The British Museum Final Report INTERNATIONAL TRAINING ... The British Museum Final Report...
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The British Museum
INTERNATIONAL TRAINING PROGRAMME 2016
Ana Šverko, Dipl.Eng.Arch., MUD, PhD, graduated in architecture from the Faculty of
Architecture University of Zagreb in 1998, received MUD from UC Berkeley CED in 2002,
and PhD from the University of Zagreb in 2011.
Research associate at the Institute of Art History - Cvito Fisković Centre Split
Supported by the Marie-Louise von Motesiczky Charitable Trust
I live in Split, a city that grew out of Diocletian's Palace, built in Later Antiquity, and all my
professional life has unfolded in the presence of this monument. I have thus taken part in the
documentation of archaeological researches in the Palace, and devoted my undergraduate and
graduate theses. Today my professional activity is oriented to two main aspects: one is the
preservation of the Palace as a live and populated monument, and the other is the perception
of the edifice over the course of time.
The Peristyle of Diocletian's Palace. (Photo by Zoran Alajbeg)
My everyday activity covers research into the heritage, with a special focus on research into
Diocletian's Palace and its presentation in works of European, particularly British, travel
writers and artists in the 18th and 19th centuries and its scholarly and theoretical
My responsibilities in the Institute of Art History, Cvito Fiskovic Centre in Split include:
processing and systematising art historic material; publication of research results; the
organisation of scholarly conferences of national and international in scope; collaboration in
museum work; working together with Split University in scholarly work and delivery of the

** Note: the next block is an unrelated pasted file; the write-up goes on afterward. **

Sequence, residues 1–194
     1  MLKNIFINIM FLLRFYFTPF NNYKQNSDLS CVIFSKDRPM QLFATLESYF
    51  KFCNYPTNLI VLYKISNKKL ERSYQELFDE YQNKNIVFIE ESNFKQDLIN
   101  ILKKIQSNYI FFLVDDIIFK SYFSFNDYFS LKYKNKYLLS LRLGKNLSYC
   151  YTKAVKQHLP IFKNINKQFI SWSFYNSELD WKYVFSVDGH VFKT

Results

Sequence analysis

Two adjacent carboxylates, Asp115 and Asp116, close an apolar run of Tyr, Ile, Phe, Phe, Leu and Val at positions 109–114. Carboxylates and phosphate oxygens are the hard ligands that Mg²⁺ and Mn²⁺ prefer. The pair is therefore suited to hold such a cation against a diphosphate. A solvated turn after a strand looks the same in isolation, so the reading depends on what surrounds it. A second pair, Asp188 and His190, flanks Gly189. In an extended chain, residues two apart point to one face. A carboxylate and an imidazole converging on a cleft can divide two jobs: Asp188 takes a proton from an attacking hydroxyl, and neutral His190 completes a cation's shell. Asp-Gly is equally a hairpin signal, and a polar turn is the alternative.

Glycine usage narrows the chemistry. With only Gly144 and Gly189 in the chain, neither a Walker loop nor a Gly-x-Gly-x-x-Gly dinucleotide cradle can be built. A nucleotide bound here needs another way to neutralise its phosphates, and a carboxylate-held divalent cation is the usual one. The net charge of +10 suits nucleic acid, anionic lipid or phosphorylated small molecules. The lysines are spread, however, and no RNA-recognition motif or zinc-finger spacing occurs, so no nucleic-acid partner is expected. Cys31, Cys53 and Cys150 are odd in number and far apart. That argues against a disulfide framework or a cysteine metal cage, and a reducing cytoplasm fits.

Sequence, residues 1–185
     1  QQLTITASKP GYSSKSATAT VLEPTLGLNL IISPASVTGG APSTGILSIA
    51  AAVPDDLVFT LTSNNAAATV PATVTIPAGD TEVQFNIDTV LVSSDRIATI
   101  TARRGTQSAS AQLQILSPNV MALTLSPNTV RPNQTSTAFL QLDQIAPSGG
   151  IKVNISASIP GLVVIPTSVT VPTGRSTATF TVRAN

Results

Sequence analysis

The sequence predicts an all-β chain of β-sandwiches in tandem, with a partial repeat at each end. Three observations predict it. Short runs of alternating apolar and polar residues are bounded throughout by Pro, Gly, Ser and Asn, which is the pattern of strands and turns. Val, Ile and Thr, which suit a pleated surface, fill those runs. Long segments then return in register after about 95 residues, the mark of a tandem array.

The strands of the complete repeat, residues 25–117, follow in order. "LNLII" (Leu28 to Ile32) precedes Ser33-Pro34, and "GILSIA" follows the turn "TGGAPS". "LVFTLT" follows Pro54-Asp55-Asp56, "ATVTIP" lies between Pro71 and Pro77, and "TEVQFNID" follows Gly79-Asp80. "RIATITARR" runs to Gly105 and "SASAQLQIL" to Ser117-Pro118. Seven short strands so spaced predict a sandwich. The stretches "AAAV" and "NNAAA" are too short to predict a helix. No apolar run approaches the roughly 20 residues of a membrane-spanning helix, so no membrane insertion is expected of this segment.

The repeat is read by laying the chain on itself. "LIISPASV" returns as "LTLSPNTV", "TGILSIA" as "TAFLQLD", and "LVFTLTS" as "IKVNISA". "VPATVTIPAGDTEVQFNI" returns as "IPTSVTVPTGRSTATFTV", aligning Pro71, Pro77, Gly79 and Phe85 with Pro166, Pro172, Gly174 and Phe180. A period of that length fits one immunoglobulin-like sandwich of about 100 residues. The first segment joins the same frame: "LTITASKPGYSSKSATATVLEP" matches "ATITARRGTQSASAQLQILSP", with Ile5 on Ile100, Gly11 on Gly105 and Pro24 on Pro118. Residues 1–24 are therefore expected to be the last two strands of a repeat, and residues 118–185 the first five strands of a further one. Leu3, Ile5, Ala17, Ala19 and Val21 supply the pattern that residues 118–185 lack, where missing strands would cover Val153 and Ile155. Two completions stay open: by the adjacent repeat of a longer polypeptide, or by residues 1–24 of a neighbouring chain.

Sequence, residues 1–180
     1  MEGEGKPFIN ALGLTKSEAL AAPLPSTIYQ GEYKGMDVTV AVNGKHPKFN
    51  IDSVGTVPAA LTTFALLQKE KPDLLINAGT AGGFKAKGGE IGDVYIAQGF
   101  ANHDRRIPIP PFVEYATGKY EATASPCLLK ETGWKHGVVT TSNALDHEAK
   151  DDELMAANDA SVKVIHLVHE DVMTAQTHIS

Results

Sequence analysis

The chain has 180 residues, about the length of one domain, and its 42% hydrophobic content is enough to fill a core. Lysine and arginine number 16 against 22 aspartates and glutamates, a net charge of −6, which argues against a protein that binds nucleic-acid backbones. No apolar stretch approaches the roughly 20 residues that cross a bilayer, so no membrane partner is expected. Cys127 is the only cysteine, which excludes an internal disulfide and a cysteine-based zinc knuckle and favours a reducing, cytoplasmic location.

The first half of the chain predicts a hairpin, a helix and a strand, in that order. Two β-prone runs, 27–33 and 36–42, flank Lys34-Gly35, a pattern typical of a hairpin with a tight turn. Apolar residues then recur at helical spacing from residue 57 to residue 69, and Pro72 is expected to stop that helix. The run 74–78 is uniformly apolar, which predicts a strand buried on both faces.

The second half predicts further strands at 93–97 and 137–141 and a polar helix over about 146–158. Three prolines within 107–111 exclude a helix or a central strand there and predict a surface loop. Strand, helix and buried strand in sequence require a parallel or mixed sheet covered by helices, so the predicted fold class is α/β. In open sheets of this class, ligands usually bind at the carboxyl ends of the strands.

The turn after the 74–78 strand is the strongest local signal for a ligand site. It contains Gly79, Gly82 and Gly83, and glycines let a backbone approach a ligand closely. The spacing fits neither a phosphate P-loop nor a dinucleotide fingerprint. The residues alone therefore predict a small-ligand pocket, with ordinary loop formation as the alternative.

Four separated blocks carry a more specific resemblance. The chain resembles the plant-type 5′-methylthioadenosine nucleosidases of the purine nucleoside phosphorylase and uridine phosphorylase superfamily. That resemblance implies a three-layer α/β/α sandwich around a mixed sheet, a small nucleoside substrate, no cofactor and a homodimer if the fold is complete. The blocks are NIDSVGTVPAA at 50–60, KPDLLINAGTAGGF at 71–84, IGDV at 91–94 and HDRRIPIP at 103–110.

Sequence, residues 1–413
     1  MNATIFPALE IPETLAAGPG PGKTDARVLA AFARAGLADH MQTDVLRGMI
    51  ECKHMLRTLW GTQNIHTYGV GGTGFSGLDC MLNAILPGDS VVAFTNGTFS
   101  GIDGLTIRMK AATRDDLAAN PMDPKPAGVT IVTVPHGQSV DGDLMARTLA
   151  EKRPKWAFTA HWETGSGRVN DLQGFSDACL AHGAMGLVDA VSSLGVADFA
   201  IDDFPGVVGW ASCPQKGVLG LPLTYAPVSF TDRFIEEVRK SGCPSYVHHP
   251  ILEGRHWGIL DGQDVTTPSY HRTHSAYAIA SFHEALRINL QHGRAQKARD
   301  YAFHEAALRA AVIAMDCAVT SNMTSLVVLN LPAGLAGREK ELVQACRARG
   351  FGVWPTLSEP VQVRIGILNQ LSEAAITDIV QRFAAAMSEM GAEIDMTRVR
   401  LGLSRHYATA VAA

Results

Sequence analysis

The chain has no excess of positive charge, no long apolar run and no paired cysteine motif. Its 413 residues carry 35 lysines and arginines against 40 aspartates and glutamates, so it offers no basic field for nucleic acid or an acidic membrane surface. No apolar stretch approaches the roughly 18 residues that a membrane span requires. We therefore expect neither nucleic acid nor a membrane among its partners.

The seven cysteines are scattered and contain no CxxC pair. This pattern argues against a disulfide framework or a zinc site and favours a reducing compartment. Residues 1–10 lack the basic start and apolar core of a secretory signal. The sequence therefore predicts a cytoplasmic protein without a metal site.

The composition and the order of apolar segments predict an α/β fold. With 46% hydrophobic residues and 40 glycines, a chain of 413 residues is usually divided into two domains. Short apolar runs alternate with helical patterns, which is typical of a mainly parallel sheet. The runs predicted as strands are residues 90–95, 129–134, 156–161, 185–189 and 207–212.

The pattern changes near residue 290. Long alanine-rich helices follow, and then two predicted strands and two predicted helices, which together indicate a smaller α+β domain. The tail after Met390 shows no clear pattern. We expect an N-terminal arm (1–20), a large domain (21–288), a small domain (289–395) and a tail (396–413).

curriculum; collaboration on the protection and renovation of monuments; creation of an
appropriate information system (humanities research database); popularisation of research in
the area of art and architectural history; collaborations with scholarly and specialised
institutions at home and abroad.
The sphinx on the Peristyle. (Photo by Zoran Alajbeg)
So Diocletian's Palace, a Roman monument filled with Egyptian influences, from the
columns and Egyptian temples to the sphinxes that grace it, is practically a museum, a live
museum. This edifice is a starting point for a number of interests with which I deal in my
work, and which I expected to advance during the ITP: primarily by scholarly research into
the collections, by gaining the knowledge of planning and delivery of exhibitions. One of the
key objectives of the Institute of Art History is the presentation of the results of our research,
for which purpose we are developing collaborative ventures with museums; the process of
mounting exhibitions was especially challenging for me at the British Museum.
My particular interest is in Roman heritage and ancient heritage in general, so the Department
of Greece and Rome at the British Museum is certainly where I expected to expand my
horizons and acquire the finest knowledge of these subjects.
Collections databases; libraries & archives and exhibitions were museum areas that I was
particularly interested in learning about during the ITP, because I wanted to acquire
knowledge about the organisation of museum materials, as well as about the organisation of
exhibitions. I was also excited to learn more about fundraising and marketing, for in Croatian
conditions we are often faced with a shortfall of such skills when it comes to the presentation
and publication of the results of our research.
As a researcher into the history of architecture, I always wonder and endeavour to find out
what my topic might be moving towards – I am interested in the future of the research and
find that the transformation of scholarly investigation into exhibitions is the finest way to
fulfil my objectives.
Scholarly research is a search for truth and beauty in the past that helps us understand and to
live the present better, to plan for a better future.
Sharing the results of research with the academic community is exceptionally valuable and
worthwhile, but to succeed in the right way in presenting research to the wider audience for
cultural matters is a complex matter and a still greater challenge.
Now, after this programme, I can conclude that the ITP experience in the British Museum
was for me a once-in-a-lifetime experience.